There’s good news from the mountains of central Mexico this winter.
World Wildlife Fund Mexico and the Monarch Butterfly Biosphere Reserve announced Jan. 30 that 14 overwintering monarch colonies occupied 14.9 acres, up from 6.1 acres last winter.
Counts of individual butterflies are impossible because they are so small and many roost high in the oyamel fir trees. Instead, areas occupied by the butterflies are measured.
These are the best results since 2006-07 when monarchs occupied 17 acres of mountain forest.
The low point over the last 25 years came in 2013-14 when monarchs occupied just 1.6 acres.
To learn more about the conservation of these beautiful orange and black butterflies, join www.monarchwatch.org.
Participants learn about historic population trends, how to plant milkweed to attract monarchs and can even purchase self-adhesive tags to place on the hind wings of captured monarchs.
During the winter, tags recovered in Mexico help biologists understand the complexities of monarch migration.
Monarchs begin the long northward migration this month. To continue a strong comeback this year, a variety of factors must converge.
Weather along the migratory path must be favorable.
An abundant crop of nectar-bearing flowers to fuel the migration is required. And herbicides applied by farmers and state highway departments along the migratory path must not have exterminated wildflowers, particularly milkweed.
In the meantime, here’s what everyone can do to help monarch butterflies. It’s the only host plant upon which monarchs lay eggs.
The best sources for milkweed are local nature centers and native plant nurseries.
Closer to home, let’s plan for the Great Backyard Bird Count (GBBC) Feb. 15-18.
The GBBC is a joint project of the Cornell Lab of Ornithology, the National Audubon Society and Bird Studies Canada — it represents citizen science at its best.
Begun in 1998, the GBBC enlists birders of all skill levels to help estimate midwinter bird abundance and distribution. It has grown into a global event with participants from more than 150 countries.
Participants count the birds they see for at least 15 minutes on one or more days of the count, then enter their checklists at www.birdcount.org.
The data help compile a snapshot of bird populations that enables scientists to detect population changes over time.
That first year, birdwatchers submitted about 13,500 checklists from the United States and Canada.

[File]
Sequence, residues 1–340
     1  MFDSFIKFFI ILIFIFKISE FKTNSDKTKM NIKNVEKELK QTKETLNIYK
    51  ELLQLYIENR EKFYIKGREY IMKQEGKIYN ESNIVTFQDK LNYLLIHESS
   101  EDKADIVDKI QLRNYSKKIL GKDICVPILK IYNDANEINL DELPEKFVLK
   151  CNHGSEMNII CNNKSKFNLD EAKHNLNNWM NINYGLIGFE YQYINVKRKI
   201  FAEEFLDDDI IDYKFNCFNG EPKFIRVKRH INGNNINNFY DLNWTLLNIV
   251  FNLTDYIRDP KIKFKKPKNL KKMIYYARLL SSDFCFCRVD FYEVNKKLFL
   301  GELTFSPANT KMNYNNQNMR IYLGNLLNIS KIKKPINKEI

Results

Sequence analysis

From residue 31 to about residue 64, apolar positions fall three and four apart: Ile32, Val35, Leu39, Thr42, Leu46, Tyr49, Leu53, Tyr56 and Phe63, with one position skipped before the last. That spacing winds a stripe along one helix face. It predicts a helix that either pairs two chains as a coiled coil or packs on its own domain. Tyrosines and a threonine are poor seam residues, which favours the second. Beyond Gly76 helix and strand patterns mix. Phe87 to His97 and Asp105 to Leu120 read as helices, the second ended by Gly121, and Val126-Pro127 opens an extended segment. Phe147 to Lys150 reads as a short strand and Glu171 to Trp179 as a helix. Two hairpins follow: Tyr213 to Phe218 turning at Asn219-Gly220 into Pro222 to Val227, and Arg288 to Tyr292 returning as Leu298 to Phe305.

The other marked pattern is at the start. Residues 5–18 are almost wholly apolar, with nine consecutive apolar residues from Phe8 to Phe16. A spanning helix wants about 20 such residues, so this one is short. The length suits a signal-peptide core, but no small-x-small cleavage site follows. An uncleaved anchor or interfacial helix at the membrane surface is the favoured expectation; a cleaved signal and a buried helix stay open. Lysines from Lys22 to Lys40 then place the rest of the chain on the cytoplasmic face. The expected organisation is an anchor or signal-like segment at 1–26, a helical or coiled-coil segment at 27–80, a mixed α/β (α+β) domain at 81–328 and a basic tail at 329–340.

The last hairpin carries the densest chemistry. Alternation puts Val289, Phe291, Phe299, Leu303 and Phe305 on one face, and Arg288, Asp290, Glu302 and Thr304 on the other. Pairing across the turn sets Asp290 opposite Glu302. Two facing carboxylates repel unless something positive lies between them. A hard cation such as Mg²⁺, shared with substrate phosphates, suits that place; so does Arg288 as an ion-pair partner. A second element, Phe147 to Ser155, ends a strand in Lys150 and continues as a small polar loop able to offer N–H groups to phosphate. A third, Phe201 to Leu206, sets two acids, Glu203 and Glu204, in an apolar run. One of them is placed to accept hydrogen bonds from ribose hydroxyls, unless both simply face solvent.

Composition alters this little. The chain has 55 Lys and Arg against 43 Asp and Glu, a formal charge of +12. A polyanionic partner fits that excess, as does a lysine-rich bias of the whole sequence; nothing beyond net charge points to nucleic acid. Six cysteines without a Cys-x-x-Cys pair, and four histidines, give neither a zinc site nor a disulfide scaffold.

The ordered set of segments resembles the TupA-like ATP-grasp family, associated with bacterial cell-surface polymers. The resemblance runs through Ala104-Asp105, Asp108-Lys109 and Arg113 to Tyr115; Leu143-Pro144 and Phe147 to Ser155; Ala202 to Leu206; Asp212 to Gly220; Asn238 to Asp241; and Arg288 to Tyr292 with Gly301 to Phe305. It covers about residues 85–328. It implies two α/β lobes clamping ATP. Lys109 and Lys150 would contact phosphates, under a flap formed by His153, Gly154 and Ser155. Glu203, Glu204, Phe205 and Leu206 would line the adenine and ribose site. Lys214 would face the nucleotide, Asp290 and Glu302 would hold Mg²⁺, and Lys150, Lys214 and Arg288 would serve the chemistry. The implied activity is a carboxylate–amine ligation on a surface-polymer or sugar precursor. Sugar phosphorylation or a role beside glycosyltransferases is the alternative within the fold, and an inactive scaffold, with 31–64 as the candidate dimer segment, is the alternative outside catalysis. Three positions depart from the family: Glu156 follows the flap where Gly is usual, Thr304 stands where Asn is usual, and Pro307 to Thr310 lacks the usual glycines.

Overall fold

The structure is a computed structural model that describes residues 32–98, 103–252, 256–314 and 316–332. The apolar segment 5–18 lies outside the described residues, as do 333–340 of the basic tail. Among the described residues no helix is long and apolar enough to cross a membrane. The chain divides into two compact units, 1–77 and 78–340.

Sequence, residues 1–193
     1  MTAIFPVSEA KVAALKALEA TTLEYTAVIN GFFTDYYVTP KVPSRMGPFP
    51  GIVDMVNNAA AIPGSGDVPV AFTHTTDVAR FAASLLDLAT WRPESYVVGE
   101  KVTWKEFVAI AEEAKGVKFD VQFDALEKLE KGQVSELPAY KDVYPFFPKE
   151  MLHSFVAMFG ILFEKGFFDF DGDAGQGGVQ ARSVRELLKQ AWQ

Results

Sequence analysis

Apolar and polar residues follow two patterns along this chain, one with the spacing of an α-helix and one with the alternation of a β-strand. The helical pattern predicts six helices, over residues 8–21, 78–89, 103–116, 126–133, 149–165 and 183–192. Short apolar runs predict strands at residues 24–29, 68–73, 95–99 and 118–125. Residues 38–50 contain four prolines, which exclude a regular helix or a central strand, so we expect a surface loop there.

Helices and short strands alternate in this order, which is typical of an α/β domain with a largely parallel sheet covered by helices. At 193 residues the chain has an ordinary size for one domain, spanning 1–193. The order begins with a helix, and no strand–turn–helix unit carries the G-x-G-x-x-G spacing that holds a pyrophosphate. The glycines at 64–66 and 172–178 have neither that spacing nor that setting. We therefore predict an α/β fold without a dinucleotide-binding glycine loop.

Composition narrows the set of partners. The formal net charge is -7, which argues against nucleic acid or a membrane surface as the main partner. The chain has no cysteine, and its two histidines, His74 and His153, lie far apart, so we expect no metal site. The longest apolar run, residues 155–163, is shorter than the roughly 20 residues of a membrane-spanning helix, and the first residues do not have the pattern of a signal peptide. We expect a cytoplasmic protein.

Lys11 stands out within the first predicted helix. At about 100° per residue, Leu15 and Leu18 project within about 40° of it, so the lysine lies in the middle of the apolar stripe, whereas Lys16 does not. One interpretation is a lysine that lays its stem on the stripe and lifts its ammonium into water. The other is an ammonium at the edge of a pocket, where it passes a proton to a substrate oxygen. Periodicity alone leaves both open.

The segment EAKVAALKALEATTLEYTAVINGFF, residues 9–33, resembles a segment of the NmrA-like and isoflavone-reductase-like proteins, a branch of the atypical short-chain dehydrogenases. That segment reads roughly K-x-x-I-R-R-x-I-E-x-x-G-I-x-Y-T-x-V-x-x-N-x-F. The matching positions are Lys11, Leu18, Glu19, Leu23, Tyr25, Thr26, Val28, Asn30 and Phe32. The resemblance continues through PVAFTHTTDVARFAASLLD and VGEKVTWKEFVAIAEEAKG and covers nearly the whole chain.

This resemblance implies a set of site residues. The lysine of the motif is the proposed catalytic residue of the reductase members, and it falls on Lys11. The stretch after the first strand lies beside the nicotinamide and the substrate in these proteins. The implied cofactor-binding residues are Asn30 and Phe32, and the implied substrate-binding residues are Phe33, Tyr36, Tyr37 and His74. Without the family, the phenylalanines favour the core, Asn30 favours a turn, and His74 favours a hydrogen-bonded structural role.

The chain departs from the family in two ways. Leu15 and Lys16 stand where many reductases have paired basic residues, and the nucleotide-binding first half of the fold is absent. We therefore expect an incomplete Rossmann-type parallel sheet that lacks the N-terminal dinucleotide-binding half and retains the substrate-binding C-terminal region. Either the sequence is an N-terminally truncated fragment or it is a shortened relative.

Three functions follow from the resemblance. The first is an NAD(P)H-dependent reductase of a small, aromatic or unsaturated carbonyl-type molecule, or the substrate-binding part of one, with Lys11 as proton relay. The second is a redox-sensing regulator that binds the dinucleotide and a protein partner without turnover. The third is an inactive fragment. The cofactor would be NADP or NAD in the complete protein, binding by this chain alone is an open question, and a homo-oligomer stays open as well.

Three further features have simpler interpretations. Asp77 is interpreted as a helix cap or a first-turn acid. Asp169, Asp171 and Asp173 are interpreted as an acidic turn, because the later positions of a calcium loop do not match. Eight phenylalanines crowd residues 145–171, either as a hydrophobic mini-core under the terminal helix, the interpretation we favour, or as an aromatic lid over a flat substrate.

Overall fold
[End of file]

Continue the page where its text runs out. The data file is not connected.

Last year 192,456 GBBC citizen scientists turned in 180,681 checklists reporting a total of 28,905,335 individual birds representing 6,459 species — that’s more than half of all the bird species in the world.
Counters from the U.S. (108,921), Canada (14,008) and India (13,276) submitted the most checklists, while counters from Columbia (996 species), India (832), Mexico (780) and Costa Rica (681) reported the most species.
The GBBC allows volunteers to take an instantaneous snapshot of global bird populations that can add to our understanding of how changing climate affects birds.
Watch for evening grosbeaks, red-breasted nuthatches, purple finches and other northern species that have already been spotted wandering south this winter.
Last year, California birders submitted the most checklists (8,530), followed by Texas (6,785), New York (6,520), Pennsylvania (5,953) and Florida (5,612). Michigan ranked seventh (3,890), and Ohio ranked 10th (3,786).
Species reported on the most checklists were northern cardinals (48,956 checklists), dark-eyed juncos (43,742), mourning doves (43,412), American crows (40,959) and blue jays (37,549).
Anyone can participate in the GBBC, from novice bird watchers to serious birders and ornithologists. Participants count birds for as little as 15 minutes (or as long as they wish) on one day of the event or for several hours on each day of the count and report their observations online.
Counts can be done anywhere from backyards to local parks, nature centers or wildlife refuges. It’s easy, free and fun.
During the count, results are updated constantly on animated maps and colorful graphs for all to view. This feedback allows participants to see almost immediately how their observations fit into the global perspective.
Results from previous GBBCs are also available online. For more information, visit www.birdcount.org.
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